The ZIP-code sized aspiration of Mosaic Church of Central Arkansas
Mark DeYmaz launched Mosaic Church of Central Arkansas in 2001, imagining a church that would reflect both the local community and the kingdom of heaven. He wondered what it might look like if people of diverse ethnic and economic backgrounds came together to walk, work and worship.
Mosaic’s influence reached far beyond what DeYmaz had dreamed. But simply citing statistics or listing the church’s numerous civic accolades doesn’t explain the deeper impact. The significance of Mosaic’s journey resides in its story, a tapestry of the Spirit weaving together the lives of diverse and broken people into God’s loving, redemptive design.
In the twilight of a spring day, Vincent returns home from the final day of construction, another in a string of jobs completed through his contractor’s business. On the ride home, he feels an exhaustion spread, an icy stress from the demands of work and providing for a family of five.
Vincent pulls to a stoplight and watches it turn green to yellow to red to green to yellow to red to green to yellow to red. It takes his weary mind that long to realize he needs to make a right turn to get home.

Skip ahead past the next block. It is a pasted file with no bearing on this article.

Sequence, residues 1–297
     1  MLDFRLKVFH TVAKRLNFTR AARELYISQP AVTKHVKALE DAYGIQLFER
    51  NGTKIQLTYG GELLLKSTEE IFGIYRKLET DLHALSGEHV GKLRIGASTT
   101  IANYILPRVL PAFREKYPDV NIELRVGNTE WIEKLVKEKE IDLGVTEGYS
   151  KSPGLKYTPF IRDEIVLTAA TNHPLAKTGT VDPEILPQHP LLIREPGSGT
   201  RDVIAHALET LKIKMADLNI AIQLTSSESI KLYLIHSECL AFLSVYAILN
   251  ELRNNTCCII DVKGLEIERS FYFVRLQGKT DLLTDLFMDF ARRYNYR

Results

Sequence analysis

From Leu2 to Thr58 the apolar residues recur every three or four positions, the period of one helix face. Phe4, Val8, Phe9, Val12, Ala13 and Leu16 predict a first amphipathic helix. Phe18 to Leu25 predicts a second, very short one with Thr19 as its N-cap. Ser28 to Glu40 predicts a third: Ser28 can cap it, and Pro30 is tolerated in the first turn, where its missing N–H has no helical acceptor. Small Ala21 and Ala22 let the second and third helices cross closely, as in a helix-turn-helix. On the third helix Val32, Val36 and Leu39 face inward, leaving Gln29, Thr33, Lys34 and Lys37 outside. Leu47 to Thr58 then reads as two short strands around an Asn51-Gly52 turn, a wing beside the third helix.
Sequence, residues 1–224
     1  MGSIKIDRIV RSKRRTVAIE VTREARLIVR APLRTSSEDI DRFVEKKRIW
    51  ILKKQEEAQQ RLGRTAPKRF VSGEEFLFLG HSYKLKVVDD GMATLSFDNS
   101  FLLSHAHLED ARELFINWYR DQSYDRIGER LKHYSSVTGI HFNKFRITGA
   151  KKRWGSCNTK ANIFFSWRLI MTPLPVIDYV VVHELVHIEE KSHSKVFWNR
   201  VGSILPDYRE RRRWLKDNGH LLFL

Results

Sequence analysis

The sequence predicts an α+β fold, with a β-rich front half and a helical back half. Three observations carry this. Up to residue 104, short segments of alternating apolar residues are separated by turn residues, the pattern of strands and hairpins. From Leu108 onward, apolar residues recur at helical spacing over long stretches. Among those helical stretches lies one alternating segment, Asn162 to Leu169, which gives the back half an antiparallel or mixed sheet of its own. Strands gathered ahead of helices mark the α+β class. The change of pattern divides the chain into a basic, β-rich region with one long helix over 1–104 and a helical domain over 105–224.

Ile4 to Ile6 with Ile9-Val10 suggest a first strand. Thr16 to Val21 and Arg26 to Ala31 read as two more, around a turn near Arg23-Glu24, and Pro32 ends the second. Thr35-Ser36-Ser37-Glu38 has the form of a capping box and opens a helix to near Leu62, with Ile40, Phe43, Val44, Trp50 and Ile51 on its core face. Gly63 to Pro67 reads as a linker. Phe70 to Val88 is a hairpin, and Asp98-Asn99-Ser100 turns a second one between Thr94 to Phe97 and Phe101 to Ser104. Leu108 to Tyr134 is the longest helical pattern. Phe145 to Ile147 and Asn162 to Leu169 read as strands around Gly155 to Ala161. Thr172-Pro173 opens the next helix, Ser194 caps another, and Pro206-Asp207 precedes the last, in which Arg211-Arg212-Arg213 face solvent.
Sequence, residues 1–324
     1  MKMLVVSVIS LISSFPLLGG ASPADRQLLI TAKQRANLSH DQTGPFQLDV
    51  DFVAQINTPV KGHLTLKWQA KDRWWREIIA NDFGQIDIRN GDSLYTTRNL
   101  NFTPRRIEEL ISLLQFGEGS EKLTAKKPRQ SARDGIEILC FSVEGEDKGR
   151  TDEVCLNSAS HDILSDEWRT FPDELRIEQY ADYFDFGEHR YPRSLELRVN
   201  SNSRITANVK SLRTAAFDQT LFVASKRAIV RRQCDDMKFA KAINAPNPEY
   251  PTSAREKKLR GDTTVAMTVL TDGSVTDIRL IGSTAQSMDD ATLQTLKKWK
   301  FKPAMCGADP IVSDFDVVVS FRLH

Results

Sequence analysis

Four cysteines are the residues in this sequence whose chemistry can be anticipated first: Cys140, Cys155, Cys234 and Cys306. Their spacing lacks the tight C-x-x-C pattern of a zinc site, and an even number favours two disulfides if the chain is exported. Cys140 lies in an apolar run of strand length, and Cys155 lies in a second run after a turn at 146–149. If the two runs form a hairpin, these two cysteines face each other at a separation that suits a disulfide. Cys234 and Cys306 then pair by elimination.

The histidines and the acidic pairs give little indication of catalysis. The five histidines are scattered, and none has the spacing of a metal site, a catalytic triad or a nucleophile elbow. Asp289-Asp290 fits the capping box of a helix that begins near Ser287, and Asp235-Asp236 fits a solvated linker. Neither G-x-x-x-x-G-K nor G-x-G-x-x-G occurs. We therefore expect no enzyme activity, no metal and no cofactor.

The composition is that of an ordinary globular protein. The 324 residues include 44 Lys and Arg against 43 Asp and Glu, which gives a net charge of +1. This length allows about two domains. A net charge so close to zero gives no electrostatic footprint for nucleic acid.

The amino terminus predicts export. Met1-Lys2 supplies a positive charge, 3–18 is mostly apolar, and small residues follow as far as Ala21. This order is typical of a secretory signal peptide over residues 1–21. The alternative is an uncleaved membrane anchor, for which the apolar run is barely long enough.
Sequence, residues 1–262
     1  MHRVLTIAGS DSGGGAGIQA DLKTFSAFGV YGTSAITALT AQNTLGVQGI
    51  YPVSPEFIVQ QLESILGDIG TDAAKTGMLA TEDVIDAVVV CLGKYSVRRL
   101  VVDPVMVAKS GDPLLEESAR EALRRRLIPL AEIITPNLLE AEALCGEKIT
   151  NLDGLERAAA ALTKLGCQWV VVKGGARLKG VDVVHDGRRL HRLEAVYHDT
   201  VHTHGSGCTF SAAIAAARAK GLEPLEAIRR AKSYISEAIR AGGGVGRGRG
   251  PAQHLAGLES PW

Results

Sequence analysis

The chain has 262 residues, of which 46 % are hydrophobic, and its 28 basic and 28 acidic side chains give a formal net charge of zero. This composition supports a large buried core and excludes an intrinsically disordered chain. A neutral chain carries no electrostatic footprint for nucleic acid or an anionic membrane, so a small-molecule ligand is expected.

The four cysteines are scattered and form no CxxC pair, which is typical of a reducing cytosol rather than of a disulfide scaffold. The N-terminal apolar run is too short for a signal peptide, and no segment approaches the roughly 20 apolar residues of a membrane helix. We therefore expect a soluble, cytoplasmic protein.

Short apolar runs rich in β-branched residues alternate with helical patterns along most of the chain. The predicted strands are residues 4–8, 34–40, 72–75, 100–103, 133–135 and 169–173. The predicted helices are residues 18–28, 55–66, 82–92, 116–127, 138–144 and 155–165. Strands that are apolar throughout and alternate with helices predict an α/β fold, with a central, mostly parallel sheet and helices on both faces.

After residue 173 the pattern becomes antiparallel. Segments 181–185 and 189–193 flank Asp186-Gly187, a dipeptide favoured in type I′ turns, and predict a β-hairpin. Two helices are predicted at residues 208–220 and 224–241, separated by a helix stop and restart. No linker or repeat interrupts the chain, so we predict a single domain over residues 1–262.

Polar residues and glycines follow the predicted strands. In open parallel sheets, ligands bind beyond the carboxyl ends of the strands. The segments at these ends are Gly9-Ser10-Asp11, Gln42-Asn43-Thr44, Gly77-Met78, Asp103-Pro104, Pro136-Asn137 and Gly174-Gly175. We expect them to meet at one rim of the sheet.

Broken emotionally and spiritually, he detects a need for drastic change in his life. The following day, he shuts down his business and wonders what will happen next.
* * * * *
On September 19, 1997, Mark DeYmaz watches a diverse gathering of 12,000 people in downtown Little Rock to commemorate the 40th anniversary of The Little Rock Nine, a group of African-American students denied admission into Central. High School despite a federal court order for integration.
DeYmaz takes pride in the event, which he spearheads as the youth pastor of a large, predominately white suburban church. Even more so, he rejoices with other Little Rock youth pastors whose efforts and diversity help make the Racial Reconciliation Rally historic.
Shortly after the event, which receives national news coverage, DeYmaz returns to architectural strategies as his church begins building a $3.5 million youth center. Looking up from his plans, he sees a church janitor walk past his door. He realizes with a sinking feeling that this man may be the only minority he sees for a while.